On February 28, 1942, Johnston arranged a test to show the Marines how the Navajo language might be used as a code. Four Navajo speakers were matched against four Marine messengers. Using radios, the Navajo speakers accurately sent a test message translated from English into Navajo in twenty seconds. The other messengers took half an hour using the code already in use by the Marines. Major General Clayton Vogel ordered Johnston to find Navajo men to train for this new mission. Chapter 2: Marine Boot Camp
In April 1942, Philip Johnston returned to the Navajo lands where he had once lived. Because of a lack of support from the US government, life there had become very difficult. The American states that controlled the Navajo lands did not provide enough electricity or telephone lines for the Navajo. And they did a poor job running the school systems there. When Johnston called for volunteers, more than two hundred Navajo men showed up. Joining the Marines looked like an opportunity to improve their situation. It was a good job. Being a Marine could also be dangerous work, but the Navajo men believed they came from a long line of warriors, and they were ready to fight.
Samuel “Jesse” Smith remembered that “old men with bows and arrows came to the trading post and wanted to go to war and fight the [Japanese] and save their land. I had the same idea. I wanted to save our land.” Without telling them what their job would be, Johnston chose twenty--nine men who spoke both English and Navajo well.
One of the young Navajo volunteers like Jesse was Chester Nez. He had grown up tending sheep with his family. In 1934, he had been sent away to a junior high school at Fort Defiance, Arizona, which had once actually been Navajo land. At the school, the teachers tried to train the Navajo not to speak their native language or to follow their customs. They forced them to speak only English. At the school, Chester first learned his birthday was in January 1921. Before that, he had kept track of time by the seasons, not by months and years. He later went to high school in Tuba City, Arizona. He continued to learn English but always spoke Navajo at home.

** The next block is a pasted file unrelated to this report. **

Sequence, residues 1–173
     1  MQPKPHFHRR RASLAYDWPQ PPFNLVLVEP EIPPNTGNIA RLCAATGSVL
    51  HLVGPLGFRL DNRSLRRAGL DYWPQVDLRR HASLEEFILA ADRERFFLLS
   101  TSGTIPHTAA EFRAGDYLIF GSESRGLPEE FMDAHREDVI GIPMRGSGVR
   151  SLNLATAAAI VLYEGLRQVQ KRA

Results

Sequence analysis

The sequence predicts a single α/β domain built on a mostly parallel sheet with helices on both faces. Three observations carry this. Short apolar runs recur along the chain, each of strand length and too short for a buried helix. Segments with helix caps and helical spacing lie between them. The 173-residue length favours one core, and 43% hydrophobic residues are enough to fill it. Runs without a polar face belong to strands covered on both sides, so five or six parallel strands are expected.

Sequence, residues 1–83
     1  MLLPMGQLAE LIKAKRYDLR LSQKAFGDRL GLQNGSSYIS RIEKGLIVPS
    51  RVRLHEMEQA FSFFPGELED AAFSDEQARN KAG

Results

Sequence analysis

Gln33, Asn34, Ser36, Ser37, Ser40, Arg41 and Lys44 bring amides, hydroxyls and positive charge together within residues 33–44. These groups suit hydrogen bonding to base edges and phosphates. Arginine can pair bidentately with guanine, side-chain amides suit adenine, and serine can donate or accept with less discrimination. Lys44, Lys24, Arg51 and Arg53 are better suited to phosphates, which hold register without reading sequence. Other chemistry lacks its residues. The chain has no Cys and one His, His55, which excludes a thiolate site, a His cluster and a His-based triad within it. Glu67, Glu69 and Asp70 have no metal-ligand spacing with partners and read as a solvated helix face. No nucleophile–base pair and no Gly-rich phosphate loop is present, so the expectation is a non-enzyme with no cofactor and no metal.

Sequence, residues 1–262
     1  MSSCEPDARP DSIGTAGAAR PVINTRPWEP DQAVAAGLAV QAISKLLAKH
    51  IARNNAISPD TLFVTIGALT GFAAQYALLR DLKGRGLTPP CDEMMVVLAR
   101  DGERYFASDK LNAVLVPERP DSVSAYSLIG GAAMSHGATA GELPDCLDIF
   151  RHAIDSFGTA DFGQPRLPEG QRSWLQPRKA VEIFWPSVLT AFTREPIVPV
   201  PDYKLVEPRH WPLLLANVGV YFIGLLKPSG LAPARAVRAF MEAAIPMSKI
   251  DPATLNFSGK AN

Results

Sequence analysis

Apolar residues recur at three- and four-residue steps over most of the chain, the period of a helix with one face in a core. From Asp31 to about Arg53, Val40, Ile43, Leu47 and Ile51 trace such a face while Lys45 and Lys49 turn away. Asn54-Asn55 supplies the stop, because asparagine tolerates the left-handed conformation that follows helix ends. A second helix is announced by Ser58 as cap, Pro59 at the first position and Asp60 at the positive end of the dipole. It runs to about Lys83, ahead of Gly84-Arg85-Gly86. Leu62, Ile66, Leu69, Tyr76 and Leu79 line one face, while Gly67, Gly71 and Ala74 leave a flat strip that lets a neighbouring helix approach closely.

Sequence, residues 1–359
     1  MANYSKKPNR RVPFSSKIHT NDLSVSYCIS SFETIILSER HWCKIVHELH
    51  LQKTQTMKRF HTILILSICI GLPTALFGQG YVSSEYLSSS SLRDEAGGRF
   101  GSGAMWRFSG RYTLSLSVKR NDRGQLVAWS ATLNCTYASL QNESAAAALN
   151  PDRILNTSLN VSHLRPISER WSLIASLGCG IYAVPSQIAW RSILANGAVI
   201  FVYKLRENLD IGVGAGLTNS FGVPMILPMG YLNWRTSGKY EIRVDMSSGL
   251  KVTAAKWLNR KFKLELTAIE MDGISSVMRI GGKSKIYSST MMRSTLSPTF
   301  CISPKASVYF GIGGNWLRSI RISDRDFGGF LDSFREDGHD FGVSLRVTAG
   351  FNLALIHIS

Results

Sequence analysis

Chester had heard about the Pearl Harbor attack in school. He later wrote, “We . . . had been born to the warrior tradition. Like other Navajos, we saw ourselves as inseparable from the earth we lived upon. And as protectors of what is sacred, we were . . . eager to defend our land.”
When he was twenty--one years old, Chester was accepted as a Marine recruit. His roommate at school, Roy Begay, was also part of the original group. Carl Gorman was thirty--five, and that was too old to join. So he changed his age to thirty so he could get in. Dean Wilson was too young to join. In the Marines’ recruiting office, he saw his file on a desk. He slipped out a paper that showed that his parents had not given their permission and threw it away. “That’s how I got in at age sixteen,” he remembered.
Wilsie Bitsie was just barely tall enough to qualify for the Marines. Eugene Crawford, William McCabe, and Harry Tsosie were among the total of twenty--nine Navajo men who were chosen. They got on a bus for a long ride to San Diego, California, where they would go through training called “boot camp” at Marine Corps Base Camp Pendleton.
After Chester got to the camp, he was given uniforms and weapons. He was shown the bunkhouses where he and the other Navajo Marines would sleep. And he met their trainers, called drill instructors.